WATSONVILLE — Starting today, stores in the unincorporated areas of Santa Cruz County will stop giving out single-use plastic bags.
The ban, enacted by the Santa Cruz County Board of Trustees last year, will affect more than 600 businesses countywide, said Laura Kasa, executive director of Save Our Shores, the organization that spearheaded the ban.
The rules originally applied to restaurants as well. But the county dropped that portion of the ordinance after a lawsuit by Stephen Joseph, attorney for Save the Plastic Bag Coalition.
The new rules also require grocery stores to charge 10 cents per paper bag, which will jump to 25 cents after a year.
At three press conferences today — backed by actors in sea turtle costumes and with the siren song of free reusable bags luring shoppers — Santa Cruz-based Save Our Shores will be discussing the implementation of the new ordinance.
The ordinance allows some exceptions. Plastic bags will still be allowed for grocery store items such as meat, produce and bread.
People on public assistance would not have to pay for bags.
Mark Stone, who co-authored the new ordinance, said he would prefer a statewide ban, but said lawmakers have tried twice unsuccessfully to enact such legislation.
Santa Cruz County approved the ban two years ago but tabled the issue for a year as they waited for a lawsuit to play out between the American Chemistry Council and the city of Manhattan Beach, which enacted its own ban in 2008.
The California Supreme Court upheld the ban in July.
In enacting the ban, the Santa Cruz County joins Los Angeles and Marin counties, as well as San Jose, Palo Alto, Los Angeles, Manhattan Beach, Oakland, Fairfax, Malibu and Long Beach, among others.
“I’m thrilled,” Stone said. “Finally!”
Stone said he wants to see the use of paper bags fade and county residents begin to exclusively use reusable bags.
The ban was hailed by environmental groups such as Santa Cruz-based Save Our Shores, which says that an estimated 500 billion plastic bags are used each year, with millions ending up in landfills, blowing on the ground and floating in the ocean. There, they harm wildlife and leach chemicals into the water, environmentalists say.
According to Save Our Shores executive director Laura Kasa, Californians use 380 plastic bags per second every year. Moreover, the organization’s annual beach cleanup has removed an estimated 34,000 from beaches and riverbanks over the past five years.
The cities of Scotts Valley and Santa Cruz are currently mulling a similar ban, but Capitola halted their own efforts after San Francisco-based Save the Plastic Bag Coalition threatened a lawsuit.
But not everyone agrees with the ban, or with the science behind it.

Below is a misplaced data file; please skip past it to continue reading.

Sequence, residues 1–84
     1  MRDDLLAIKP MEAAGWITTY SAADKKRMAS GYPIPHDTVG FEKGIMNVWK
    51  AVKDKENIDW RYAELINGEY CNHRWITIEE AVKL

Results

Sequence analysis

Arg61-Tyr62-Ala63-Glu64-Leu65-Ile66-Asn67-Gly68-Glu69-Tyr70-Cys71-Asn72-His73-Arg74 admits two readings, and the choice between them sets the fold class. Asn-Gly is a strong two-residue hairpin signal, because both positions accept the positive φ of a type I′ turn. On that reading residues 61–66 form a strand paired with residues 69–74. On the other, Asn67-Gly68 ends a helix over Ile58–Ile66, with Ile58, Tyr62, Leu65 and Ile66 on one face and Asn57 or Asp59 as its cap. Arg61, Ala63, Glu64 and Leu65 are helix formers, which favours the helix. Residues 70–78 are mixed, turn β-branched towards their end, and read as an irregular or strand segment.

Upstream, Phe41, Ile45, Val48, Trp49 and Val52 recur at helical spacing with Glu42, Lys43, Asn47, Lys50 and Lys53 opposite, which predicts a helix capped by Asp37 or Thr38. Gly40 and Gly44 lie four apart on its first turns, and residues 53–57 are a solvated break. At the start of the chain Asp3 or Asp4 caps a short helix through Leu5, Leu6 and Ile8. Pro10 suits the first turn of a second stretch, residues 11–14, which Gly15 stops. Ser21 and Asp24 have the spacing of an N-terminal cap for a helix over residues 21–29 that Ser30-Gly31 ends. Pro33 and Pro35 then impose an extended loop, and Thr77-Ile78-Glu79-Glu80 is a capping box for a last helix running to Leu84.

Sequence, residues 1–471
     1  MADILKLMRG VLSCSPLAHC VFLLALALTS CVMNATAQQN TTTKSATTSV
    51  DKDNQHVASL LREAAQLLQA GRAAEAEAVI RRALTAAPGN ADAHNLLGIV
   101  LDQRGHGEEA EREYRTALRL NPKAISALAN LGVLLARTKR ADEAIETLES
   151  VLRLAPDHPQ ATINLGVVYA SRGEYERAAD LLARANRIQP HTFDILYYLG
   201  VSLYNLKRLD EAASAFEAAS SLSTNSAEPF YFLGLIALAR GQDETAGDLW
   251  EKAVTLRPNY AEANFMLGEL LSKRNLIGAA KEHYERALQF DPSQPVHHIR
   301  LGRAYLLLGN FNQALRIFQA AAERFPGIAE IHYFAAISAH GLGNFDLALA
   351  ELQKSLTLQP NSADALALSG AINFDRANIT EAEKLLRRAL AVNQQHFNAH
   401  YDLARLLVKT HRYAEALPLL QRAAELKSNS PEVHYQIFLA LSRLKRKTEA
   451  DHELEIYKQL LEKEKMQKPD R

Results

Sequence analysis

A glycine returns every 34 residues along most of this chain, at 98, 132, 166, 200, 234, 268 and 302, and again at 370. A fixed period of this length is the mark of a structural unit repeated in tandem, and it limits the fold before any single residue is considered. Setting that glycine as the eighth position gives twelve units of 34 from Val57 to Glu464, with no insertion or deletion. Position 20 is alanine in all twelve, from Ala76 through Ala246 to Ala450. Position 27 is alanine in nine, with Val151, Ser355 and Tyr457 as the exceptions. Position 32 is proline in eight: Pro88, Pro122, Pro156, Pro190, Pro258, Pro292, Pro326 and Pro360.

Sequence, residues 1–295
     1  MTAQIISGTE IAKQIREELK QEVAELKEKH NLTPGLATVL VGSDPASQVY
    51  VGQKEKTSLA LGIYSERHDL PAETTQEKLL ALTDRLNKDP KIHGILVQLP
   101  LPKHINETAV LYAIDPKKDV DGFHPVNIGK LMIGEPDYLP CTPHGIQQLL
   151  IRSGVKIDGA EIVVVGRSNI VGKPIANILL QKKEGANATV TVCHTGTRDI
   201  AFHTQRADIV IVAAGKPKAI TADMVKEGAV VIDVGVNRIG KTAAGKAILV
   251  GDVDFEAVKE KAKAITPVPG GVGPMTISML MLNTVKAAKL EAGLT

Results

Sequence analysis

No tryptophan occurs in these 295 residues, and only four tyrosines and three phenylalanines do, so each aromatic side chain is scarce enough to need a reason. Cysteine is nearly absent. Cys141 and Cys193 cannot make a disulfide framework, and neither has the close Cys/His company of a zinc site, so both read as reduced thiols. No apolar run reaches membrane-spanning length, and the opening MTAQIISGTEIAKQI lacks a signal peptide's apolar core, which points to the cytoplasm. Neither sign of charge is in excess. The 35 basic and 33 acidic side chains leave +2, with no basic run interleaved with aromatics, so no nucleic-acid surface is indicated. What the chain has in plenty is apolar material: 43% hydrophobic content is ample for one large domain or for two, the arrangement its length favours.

According to attorney Joseph, nearly all of the facts that county officials used to support the ban were based on “misinformation and exaggeration.”
“We don’t think plastic bags should be banned,” he said. “We are extremely upset that the county based its ban on false findings.”
For instance, Joseph pointed to a London Times story that found claims that plastic bags kill marine animals are grossly exaggerated.
In a letter to the Santa Cruz County Board of Supervisors dated Sept. 12, Joseph disputed a study by the U.S. Marine Mammal Comission, which stated that 267 marine species have been reported to have been hurt or injured by plastic bags.
“There is no such report about 267 marine species of which we are aware of, and if such a report exists it is wrong,” he wrote.
According to David Laist, senior policy and program analyst for the Marine Mammal Commission, plastic bags present a danger to whales and turtles, both of which confuse the bags for jellyfish. When they accidentally consume the bags, they can get clogged in their digestive tracts and kill them, Laist said.
The comission also disagrees with assertions that plastic bag production uses 12 million barrels of oil annually. In fact, plastic bags are made from ethane, which is a waste byproduct derived from natural gas production, he said.
Joseph also said that 85 percent of plastic bags are made in the U.S., an industry that will suffer in the wake of such bans. Many reusable bags, he added, are made in China.
In addition, paper bags are more expensive, and Joseph said that the increased costs will be passed to consumers.
“Santa Cruz County is the worst county in the state when it comes to misinformation,” Joseph said. “From a personal point of view it’s about getting the truth out.”
Save Our Shores will hold a press conference at the Safeway on 41st Avenue in Soquel at 12:30 p.m. The group will also hold dual press conferences from 4-6 p.m. at the Safeway at 16 Rancho Del Mar in Aptos and in Felton.
For the complete article see the 03-20-2012 issue.
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